In the spring of 2010 JayCut relaunched its free, online, video editing service. JayCut has elements of iMovie and Movie Maker in a free online application. JayCut is free to use and your final product can be downloaded to your local computer. Here are some of the highlights of the JayCut editor:

  • Every element of your video can be added through simple drag and drop motions. The play length of each element in your video can be shortened or lengthened by simply dragging the ruler tools.
  • JayCut's API is free and allows you to put the JayCut video editor on your own website. Using their API you can install JayCut's video editor on your PHP-based website. JayCut offers step-by-step directions for installing their video editor on your website.
  • JayCut has options for adding slow motion effects, direct recording from your webcam, a green screen, and color editing.
For a quick and easy way to create simple videos from pictures, sound, text, and existing video clips try Animoto.  Animoto makes it possible to quickly create a video using still images, music, and text. In the last year Animoto has added the option to include video clips in your videos too. If you can make a slideshow presentation, you can make a video using Animoto. Animoto's free service limits you to 30 second videos. You can create longer videos if you apply for an education account. I like to use Animoto early in the school year to introduce my new students to some of the basic skills that will be carried across to more complex video creation later in the year.
ZooBurst is an exciting free service for creating digital stories. ZooBurst allows users to create 3D pop-up books using nothing more than public domain clip art and ZooBurst's web-based editing tools. Users can view ZooBurst 3D books in augmented reality by enabling their webcams (click webcam mode) then clicking the ZB button present on each story.

Simple Booklet is a free service offering online multimedia booklet creation and publishing. To create a book using Simple Booklet just sign-up for a free account and click create. Select the layout template that suits your needs. To add content click anywhere on the blank canvas and a menu of options will appear. You can add text, images, audio files, videos, and links to each page of your booklet. Each page of your Simple Booklet can have multiple elements on it. To include videos you can upload your own files or select from a variety of provides including SchoolTube, TeacherTube, YouTube, and others. To add audio to your pages you can upload your own files or again select from the online hosts Last.fm, Sound Cloud, or Mix Cloud. When you're done building pages in your Simple Booklet you can share it online by embedding it into a webpage or you can share the unique link generated for your booklet.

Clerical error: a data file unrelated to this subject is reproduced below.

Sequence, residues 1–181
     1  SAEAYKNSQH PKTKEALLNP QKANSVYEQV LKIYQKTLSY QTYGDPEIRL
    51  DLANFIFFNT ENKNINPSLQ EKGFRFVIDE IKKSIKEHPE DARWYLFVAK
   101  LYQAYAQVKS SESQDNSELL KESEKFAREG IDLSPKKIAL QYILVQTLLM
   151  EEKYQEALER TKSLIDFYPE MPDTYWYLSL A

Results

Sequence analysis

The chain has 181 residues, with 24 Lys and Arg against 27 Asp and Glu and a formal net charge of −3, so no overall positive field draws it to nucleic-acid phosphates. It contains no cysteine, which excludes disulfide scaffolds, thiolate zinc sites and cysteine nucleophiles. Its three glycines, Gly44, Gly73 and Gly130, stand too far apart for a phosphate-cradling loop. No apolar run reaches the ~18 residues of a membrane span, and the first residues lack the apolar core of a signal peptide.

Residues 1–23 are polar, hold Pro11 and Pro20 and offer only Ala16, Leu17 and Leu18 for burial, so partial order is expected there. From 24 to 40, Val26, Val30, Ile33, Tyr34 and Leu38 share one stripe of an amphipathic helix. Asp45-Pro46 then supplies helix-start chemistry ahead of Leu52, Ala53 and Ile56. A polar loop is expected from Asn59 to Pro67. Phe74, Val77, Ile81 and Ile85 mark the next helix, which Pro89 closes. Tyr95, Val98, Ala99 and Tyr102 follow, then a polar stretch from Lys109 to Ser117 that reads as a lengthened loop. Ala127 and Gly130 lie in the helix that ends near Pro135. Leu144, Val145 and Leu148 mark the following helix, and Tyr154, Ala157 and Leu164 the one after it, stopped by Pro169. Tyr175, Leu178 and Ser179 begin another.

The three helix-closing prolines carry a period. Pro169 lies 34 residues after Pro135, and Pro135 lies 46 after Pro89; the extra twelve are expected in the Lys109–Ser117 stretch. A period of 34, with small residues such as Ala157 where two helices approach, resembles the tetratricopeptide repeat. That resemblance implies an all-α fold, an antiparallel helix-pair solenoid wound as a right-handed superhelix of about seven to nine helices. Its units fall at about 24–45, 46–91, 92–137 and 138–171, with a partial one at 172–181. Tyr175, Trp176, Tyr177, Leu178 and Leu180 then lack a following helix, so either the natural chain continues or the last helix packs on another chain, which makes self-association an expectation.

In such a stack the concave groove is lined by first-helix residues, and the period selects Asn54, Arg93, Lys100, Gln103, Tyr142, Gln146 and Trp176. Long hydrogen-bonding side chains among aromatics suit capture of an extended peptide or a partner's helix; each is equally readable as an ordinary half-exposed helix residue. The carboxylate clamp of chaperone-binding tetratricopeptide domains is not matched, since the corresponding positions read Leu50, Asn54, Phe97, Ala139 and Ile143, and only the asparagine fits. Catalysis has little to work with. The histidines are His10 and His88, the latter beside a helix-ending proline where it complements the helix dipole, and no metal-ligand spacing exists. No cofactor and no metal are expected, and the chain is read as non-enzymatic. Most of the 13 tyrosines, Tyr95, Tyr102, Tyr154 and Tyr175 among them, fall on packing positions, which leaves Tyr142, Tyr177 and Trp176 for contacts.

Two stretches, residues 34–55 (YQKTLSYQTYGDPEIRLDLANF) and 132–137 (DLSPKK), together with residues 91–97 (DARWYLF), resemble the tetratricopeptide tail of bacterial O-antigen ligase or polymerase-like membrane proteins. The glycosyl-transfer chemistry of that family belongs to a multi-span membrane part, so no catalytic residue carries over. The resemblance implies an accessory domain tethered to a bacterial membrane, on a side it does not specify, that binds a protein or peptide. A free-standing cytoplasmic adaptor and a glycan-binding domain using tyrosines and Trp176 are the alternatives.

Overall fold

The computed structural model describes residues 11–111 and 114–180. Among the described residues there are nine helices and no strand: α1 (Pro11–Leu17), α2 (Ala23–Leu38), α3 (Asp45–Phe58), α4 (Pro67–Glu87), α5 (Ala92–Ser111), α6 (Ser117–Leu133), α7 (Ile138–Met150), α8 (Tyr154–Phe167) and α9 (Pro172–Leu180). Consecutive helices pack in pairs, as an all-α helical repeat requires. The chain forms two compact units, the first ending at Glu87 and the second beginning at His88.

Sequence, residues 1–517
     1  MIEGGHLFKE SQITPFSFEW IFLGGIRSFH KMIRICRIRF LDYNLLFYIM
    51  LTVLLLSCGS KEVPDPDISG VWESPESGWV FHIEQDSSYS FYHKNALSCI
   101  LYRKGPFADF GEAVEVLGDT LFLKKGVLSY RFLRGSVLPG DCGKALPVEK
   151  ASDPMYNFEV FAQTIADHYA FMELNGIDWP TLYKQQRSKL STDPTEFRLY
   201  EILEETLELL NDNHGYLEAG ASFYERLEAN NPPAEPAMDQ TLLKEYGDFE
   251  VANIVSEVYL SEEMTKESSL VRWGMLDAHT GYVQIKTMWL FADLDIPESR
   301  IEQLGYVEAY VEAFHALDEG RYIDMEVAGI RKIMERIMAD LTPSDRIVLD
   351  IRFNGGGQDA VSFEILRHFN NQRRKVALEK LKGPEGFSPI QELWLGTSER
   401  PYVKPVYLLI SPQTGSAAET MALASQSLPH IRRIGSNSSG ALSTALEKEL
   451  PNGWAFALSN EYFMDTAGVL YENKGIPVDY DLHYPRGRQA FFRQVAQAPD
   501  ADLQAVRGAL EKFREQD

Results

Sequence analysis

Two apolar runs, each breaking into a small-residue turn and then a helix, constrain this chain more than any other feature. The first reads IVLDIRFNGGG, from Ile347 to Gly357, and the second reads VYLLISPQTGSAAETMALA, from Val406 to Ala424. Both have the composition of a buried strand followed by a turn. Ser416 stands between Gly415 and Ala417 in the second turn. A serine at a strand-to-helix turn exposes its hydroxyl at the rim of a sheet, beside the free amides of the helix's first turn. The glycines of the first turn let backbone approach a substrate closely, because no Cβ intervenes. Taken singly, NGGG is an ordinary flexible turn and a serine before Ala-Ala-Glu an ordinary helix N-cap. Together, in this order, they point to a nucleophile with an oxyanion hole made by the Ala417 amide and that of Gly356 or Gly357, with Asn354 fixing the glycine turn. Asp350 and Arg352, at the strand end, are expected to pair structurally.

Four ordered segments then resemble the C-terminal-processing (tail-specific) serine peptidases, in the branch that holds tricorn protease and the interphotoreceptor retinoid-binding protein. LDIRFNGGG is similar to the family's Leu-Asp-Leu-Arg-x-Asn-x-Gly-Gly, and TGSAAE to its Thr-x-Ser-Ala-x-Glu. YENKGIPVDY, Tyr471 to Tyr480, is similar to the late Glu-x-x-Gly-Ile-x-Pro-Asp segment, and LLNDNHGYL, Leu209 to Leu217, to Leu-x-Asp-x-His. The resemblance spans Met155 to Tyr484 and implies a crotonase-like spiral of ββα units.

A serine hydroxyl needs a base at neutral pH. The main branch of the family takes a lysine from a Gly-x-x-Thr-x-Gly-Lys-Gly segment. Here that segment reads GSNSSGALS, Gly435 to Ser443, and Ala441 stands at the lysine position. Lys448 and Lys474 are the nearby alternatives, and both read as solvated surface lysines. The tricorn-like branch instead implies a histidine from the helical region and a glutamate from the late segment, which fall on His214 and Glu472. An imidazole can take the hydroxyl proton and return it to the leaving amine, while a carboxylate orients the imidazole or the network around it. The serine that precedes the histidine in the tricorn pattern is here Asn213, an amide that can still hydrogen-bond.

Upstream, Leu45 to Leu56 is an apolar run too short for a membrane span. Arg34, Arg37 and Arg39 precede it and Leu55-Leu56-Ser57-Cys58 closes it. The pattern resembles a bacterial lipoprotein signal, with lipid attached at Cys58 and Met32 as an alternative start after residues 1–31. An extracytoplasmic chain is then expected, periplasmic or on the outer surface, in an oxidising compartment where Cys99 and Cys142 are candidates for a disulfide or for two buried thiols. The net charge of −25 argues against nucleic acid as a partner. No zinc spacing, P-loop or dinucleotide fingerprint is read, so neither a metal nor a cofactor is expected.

My Ebook is a new service for creating rich multimedia ebooks. My Ebook allows users to create ebooks that contain text, images, and videos on each page. My Ebook users can create ebooks from scratch or upload their existing PDF files to display in a book format. When starting an ebook from scratch on My Ebook, users can import images from their Flickr, Facebook, Picasa, and Photobucket accounts or upload new images directly to My Ebook. If you don't have any digital images you can select some from My Ebook's gallery. Videos can also be embedded into the pages of My Ebook. My Ebook provides a good variety of themes and templates to give each ebook a different look and feel. Ebooks created using My Ebook can be embedded into blogs and websites or shared via email.

One word of caution about My Ebook, you might not want to let your students browse the library of ebooks without supervision. I didn't see anything that was explicitly bad (the terms of service forbid that type of content) but there is some material that you might not want middle school students accessing.
For more information about creating videos using web-based tools, please see my free ebook, Making Videos on the Web.  

Most Popular Posts of the Year - #18, Plagiarism Checker

Like a lot of other people are, I'm taking this week to relax a bit and do some things that I haven't had time for lately. Therefore, all this week I'm rewinding the year by republishing the 25 most-read posts of the year. I hope that those of you who are also on vacation this week, enjoy every moment of it. See you (virtually) in the New Year.

Update November 2014 - I removed links to Plagiarisma after a reader discovered that the site sold plagiarized copies of essays. Here are seven other tools for detecting and preventing plagiarism.

Plagiarism, as teachers we see it a lot. Sometimes it's done intentionally, sometimes it's done accidentally. Either way we can't allow our students to plagiarize other people's works. Plagiarisma is a free tool that teachers and students can use to detect possible cases of plagiarism.

There are a few ways that you can use Plagiarisma. The easiest way to use Plagiarisma is to copy and paste a chunk of text into the Plagiarisma search box. You can also upload documents (RTF, Doc, PDF, HTML, ODT) to be scanned by Plagiarisma. The third option is to type a url into the search box to have Plagiarisma scan for possible cases of plagiarism. Whichever option you use, Plagiarisma will return a list of urls containing possible plagiarism matches.

Applications for Education
Plagiarism isn't always intentional on the part of students. Sometimes they honestly don't realize that they're doing it. Having students use Plagiarisma to scan their documents before submitting them for a grade, could help them identify flaws in their works and change them before it's too late.